Playing your first music on the ocarina

Side Note

This page assumes that you know your ocarinas fingerings, learn the fingerings

The main thing you need to be aware of when playing your first music on the ocarina is the need to use the right breath pressure for the note you are fingering. The ocarina's pitch is very sensitive to blowing pressure, so using the correct fingering by itself is not enough. This page gives you some methods of approaching this, and assumes a basic familiarity with music. If you are new please see 'How to approach music as a beginner'.

Fingering the notes

Playing a tune on the ocarina begins with fingering the correct notes in sequence. This should come easily if you have played another instrument, but may be challenging if the ocarina is your first. If this is the case, I recommend that you start by practising the fingerings without blowing at first. Try fingering the following tune. If this is too difficult, break it down into chunks of a few notes and run through these repeatedly.

G A B A | G B d2 | A2 B c | d2 B2 |
d B G B | e B A2 | A2 cd  | A B G2 :|

When you lift and replace your fingers, be careful that they cover the holes, and don't unintentionally cover subholes if applicable. Always keep your fingering light and lift your fingers straight without curling them. Holding the ocarina too tightly will make your playing sound choppy while curling your fingers moves them a long way from the holes. This greatly increases the risk of mis-covering a hole.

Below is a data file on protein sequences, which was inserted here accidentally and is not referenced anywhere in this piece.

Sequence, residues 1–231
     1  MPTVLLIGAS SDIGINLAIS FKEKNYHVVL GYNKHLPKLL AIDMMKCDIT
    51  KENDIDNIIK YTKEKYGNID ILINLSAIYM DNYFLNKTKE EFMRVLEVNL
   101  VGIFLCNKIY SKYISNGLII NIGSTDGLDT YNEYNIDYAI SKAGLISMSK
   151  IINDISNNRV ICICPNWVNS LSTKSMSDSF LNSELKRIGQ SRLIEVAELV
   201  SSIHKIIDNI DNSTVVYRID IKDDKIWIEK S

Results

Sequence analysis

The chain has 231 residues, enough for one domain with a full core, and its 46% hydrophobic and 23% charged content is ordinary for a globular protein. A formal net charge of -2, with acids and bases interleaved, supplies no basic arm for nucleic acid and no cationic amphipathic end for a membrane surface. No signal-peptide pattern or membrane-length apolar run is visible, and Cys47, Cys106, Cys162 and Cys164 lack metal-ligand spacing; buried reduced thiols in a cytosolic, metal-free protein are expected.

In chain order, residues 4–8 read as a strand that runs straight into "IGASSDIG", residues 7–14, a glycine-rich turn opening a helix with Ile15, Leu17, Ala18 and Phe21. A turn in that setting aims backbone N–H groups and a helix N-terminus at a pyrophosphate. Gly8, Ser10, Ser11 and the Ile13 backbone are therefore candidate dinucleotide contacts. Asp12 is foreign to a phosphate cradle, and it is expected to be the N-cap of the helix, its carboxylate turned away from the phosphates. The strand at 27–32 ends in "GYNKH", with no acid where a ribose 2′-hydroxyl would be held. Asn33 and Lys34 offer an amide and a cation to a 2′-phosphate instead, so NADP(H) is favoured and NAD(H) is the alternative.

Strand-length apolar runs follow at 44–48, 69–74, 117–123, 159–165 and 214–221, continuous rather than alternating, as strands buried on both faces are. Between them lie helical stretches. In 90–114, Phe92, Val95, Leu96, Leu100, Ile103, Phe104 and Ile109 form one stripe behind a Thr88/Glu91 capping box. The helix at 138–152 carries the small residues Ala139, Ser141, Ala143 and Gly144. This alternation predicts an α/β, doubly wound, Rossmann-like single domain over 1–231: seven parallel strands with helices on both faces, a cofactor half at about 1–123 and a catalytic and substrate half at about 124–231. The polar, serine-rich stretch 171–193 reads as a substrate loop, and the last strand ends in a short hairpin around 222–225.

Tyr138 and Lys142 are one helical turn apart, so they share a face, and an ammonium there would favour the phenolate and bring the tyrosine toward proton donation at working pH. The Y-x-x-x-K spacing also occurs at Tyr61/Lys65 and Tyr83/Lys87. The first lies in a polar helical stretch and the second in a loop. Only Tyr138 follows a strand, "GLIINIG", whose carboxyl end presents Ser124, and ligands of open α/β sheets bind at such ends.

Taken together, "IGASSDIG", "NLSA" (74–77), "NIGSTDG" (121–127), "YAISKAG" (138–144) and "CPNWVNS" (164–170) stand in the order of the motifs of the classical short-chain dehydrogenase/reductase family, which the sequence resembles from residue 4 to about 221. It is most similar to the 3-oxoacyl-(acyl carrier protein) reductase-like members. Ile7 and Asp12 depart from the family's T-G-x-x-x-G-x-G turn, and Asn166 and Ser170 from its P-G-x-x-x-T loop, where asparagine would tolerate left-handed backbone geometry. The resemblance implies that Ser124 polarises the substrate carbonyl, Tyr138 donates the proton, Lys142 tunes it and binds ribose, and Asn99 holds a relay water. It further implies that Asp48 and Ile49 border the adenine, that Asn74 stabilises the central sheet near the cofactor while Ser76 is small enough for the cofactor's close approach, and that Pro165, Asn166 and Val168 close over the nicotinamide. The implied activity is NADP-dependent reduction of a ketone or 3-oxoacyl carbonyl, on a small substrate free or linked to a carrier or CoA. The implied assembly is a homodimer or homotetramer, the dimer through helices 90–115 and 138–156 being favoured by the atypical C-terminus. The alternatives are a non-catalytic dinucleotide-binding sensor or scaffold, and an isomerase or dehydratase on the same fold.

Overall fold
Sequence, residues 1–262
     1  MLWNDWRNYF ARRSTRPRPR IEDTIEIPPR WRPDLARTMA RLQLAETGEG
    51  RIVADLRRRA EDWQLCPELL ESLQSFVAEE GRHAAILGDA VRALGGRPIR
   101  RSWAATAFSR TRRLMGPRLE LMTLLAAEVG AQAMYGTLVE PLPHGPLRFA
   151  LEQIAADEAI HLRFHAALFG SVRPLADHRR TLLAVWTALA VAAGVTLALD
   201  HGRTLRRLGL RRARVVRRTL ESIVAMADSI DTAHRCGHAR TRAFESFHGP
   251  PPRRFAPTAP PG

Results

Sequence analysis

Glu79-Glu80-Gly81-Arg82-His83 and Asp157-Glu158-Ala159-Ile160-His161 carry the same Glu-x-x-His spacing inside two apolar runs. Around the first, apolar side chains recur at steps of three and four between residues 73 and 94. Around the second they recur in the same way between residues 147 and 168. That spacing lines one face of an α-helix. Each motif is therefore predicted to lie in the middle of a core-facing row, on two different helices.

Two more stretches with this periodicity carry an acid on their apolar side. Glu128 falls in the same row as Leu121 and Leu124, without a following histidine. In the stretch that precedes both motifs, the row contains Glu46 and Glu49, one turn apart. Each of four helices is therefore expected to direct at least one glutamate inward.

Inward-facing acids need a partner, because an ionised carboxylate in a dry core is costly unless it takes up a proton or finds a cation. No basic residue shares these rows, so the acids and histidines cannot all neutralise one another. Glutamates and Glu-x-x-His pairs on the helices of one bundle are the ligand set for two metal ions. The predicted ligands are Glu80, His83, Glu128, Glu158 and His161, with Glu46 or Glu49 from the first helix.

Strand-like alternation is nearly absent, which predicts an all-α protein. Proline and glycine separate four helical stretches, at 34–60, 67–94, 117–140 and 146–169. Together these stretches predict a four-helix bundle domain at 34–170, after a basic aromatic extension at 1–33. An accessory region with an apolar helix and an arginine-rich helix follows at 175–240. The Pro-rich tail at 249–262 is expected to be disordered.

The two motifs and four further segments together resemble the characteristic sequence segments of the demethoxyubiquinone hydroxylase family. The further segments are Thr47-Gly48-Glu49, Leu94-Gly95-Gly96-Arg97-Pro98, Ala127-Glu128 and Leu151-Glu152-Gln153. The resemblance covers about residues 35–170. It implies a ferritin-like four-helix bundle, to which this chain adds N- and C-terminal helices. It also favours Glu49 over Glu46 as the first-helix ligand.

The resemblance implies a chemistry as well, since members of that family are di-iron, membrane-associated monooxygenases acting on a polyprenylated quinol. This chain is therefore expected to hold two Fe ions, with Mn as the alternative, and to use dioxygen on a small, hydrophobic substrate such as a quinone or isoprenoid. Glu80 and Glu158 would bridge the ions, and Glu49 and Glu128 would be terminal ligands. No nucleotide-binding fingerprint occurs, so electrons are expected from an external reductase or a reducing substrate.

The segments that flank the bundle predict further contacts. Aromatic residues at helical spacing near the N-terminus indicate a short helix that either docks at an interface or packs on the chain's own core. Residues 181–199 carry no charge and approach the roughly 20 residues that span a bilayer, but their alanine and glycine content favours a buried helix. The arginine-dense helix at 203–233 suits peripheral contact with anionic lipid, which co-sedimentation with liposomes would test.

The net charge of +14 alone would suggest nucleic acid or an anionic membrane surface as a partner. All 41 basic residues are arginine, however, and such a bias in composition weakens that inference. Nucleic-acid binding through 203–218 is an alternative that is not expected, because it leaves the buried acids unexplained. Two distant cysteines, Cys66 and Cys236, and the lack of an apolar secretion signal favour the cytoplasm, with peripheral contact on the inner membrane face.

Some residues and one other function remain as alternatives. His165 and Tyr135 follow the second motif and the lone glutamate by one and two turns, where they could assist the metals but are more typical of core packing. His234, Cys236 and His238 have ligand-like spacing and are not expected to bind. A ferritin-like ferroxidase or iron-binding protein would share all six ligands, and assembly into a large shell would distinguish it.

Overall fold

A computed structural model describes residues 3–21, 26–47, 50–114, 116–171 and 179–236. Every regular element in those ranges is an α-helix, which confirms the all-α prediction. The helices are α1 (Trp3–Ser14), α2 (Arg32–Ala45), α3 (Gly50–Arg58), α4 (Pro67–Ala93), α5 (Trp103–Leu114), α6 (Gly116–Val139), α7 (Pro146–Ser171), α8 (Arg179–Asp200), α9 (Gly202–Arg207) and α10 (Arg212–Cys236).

Side Note

It is always a good idea to break things down and practise elements separately when you can. Learning begins in the conscious mind, and it can only effectively focus on one thing a time. Practising things separately, such as fingering and blowing pressure, allows you to focus on doing each task accurately. Over time these tasks will enter your subconscious mind, and when this happens, you will suddenly be able to do them simultaneously without effort. Note that this transition happens during sleep, so you will not see an immediate result.

Using the right breath pressure

Unfortunately, fingerings are not the whole story. As noted at the top of the page, every note on an ocarina only sounds in tune when blown at the right pressure. This is called the breath curve, and this curve varies between ocarinas. If you already have a good sense of relative pitch, or have absolute pitch, you will be able to compensate for this intuitively, though I still recommend reading the following for some practice exercises.

To learn how much pressure you need to use for the notes in a melody, it's best to begin with long tones. That is, playing each note for a full breath, aiming to start in tune and maintain this for its entire duration. If you cannot play the notes in tune by themselves, you certainly won't be able to when playing them in a musical piece.